Japanese Patent Publication (examined) No. 59-45845 discloses a thrust bearing for use in a rotary head which includes a flange formed on an upper end of a rotary shaft and having microgrooves and a herringbone formed thereon. This bearing also includes a lubricating fluid enclosed between the rotary shaft and the rotary head so that the rotary head may be appropriately supported both radially and axially by a pressure which spiral grooves constituting a radial bearing generate and by a pressure which the microgrooves and herringbone constituting the thrust bearing generate during rotation of the rotary head.

On the other hand, a scroll compressor is employed in, for example, an air conditioner. The scroll compressor includes a stationary scroll member having a stationary end plate and a stationary scroll wrap protruding axially from the stationary end plate, and an orbiting scroll member having an orbiting end plate and an orbiting scroll wrap protruding axially from the orbiting end plate. The stationary and orbiting scroll wraps engage with each other to define a plurality of volume-variable, sealed working pockets therebetween. The scroll compressor also includes a main shaft for driving the orbiting scroll member, a bearing frame for supporting the main shaft and the orbiting scroll member, and an electric motor for driving the main shaft. When in use, the electric motor drives the drive shaft which in turn drives the orbiting scroll member to undergo an orbiting motion relative to the stationary scroll member so that refrigerant trapped into each working pocket experiences a decrease in volume and an increase in pressure until it is discharged from the compressor. In order to axially and radially support the main shaft and the orbiting scroll member, various thrust and radial bearings are provided in the compressor.

Furthermore, an electrode for use in a plasma-etching apparatus is a generally flat member having smooth surfaces. A reactive plasma-etching apparatus generally comprises a vacuum vessel and upper and lower electrodes both accommodated in the vacuum vessel so as to extend in parallel to each other. A high-frequency voltage is applied to one of the upper and lower electrodes on which an object to be treated is placed. Each electrode is made of material having smooth surfaces such as, for example, anodized rigid aluminum or the like. In this plasma-etching apparatus, the electrode on which the object is placed has a negative potential due to a difference in mobility between electrons and ions and, also, due to a difference in the effective electrode area between the two electrodes, while the potential in a plasma becomes slightly positive due to diffusion of the electrons As a result, a cathode fall region containing dominantly ions and neutrons is formed on the upper surface of the object, and active ions are incident on the object from a direction generally perpendicular thereto, thus giving rise to a physical sputtering effect which in turn causes etching.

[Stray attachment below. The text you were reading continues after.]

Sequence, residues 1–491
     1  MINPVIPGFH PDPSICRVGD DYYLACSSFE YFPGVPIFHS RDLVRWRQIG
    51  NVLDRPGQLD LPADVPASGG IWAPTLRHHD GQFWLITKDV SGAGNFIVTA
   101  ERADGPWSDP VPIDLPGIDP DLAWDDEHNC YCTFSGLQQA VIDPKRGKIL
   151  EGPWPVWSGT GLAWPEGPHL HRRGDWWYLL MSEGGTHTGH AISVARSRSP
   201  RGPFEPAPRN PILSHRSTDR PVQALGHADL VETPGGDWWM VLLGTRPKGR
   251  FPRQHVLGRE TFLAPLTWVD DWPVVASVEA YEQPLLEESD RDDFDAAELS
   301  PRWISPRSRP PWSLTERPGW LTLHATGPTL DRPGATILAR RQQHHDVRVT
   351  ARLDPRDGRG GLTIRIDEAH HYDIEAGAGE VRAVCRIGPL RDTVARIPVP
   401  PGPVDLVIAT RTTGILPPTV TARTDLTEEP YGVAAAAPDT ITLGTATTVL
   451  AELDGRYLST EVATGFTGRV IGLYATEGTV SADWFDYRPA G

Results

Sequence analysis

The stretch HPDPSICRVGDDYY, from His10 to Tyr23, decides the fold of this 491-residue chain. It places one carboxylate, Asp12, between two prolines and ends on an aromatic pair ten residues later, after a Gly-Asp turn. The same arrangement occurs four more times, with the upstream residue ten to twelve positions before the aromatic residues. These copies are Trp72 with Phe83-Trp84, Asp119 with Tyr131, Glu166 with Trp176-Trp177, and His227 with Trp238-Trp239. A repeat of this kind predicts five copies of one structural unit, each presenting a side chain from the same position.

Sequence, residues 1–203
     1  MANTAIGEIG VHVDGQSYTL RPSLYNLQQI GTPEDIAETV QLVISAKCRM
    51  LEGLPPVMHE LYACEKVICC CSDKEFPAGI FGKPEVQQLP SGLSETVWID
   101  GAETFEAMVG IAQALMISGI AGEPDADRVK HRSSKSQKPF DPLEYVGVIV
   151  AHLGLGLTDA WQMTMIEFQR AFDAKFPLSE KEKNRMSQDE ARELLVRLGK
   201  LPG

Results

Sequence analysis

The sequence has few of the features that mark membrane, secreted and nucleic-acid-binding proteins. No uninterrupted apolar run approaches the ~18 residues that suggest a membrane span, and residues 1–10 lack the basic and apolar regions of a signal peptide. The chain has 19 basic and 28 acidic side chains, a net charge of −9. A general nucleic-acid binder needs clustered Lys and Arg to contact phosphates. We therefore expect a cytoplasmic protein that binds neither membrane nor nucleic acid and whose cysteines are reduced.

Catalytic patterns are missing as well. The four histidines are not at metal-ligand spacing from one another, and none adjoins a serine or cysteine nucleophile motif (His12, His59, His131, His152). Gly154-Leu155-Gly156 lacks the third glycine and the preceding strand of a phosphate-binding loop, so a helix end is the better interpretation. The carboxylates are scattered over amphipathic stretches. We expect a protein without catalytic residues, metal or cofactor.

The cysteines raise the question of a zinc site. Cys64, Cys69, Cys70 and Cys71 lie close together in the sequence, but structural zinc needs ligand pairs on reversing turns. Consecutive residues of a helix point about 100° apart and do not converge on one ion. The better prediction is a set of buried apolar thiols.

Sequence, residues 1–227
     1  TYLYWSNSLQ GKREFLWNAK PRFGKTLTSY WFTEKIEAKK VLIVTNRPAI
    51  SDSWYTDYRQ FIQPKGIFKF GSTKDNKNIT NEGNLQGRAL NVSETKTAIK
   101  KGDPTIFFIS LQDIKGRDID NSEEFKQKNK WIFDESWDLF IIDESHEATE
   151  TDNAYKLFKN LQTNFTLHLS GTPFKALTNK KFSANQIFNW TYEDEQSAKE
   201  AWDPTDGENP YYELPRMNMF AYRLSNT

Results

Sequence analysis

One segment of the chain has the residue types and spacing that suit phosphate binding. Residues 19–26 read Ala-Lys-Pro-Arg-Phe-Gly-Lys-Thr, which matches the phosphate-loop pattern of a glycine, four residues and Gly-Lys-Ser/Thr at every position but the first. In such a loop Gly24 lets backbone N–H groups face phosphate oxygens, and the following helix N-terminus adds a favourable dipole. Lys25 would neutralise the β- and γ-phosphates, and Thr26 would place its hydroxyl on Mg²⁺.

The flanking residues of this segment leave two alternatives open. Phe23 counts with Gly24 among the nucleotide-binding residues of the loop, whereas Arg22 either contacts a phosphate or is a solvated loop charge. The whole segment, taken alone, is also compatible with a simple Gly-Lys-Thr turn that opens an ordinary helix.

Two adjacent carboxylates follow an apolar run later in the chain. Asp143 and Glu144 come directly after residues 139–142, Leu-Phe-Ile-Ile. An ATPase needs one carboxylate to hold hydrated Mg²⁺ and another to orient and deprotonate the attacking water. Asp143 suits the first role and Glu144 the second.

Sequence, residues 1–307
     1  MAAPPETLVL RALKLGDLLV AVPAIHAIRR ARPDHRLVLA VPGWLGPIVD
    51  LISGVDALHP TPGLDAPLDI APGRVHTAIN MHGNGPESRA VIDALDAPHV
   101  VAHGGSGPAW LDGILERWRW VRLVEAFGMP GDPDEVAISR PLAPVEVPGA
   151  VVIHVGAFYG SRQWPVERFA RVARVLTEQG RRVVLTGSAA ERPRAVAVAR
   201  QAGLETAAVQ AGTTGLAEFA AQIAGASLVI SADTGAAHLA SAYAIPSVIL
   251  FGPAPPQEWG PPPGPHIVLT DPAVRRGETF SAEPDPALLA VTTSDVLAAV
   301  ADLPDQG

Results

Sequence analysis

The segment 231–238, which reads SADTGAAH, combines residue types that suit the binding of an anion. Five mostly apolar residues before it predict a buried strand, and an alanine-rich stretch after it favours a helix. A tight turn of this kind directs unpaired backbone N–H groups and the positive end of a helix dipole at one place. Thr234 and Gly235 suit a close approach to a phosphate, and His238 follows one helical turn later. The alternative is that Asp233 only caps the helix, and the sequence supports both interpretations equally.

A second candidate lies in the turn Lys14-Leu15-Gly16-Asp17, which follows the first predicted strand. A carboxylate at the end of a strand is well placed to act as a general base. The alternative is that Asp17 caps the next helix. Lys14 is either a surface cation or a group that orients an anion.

A generally flat member having smooth surfaces is also used on one end of an orifice member of a plasma-arc welding torch. Such a flat member is generally formed by coating the one end of the orifice member with smooth ceramic or by depositing a high-melting metallic layer on an inner surface and an end surface of the orifice member. The smooth flat member is intended to prevent generation of a double arc which excessively consumes the orifice member.

A generally flat member having smooth surfaces and made of sapphire, beryllium or the like is used for an optical window mounted on a vacuum device. The optical window allows a user to check, for example, an instrument accommodated in the vacuum device or allows an X-ray or a laser beam to be introduced into the vacuum device therethrough for measurement or control of fine operation of the instrument.

As discussed hereinabove, generally flat functional members having smooth surfaces are utilized at specific locations of a variety of apparatus.

In order to obtain a generally flat member having smooth surfaces, it is necessary to first cut an appropriate material into a desired configuration and subsequently polish it. Such machining processes are important for the generally flat member to have desired smooth surfaces, but increases the manufacturing cost thereof.

When the generally flat member having smooth surfaces changes in shape due to wear or damage thereof, it is necessary to replace it with a new one. Such replacement is relatively time-consuming and requires disassembly of the apparatus to remove the wasted member therefrom and attach a new member thereto.

SUMMARY OF THE INVENTION

The present invention has been developed to overcome the above-described disadvantages.

It is accordingly an objective of the present invention to provide a generally flat functional member having smooth surfaces and a long duration of life to extend the cycle of replacement thereof.

Another objective of the present invention is to provide the generally flat functional member of the above-described type which is simple in construction and can be readily manufactured at a low cost.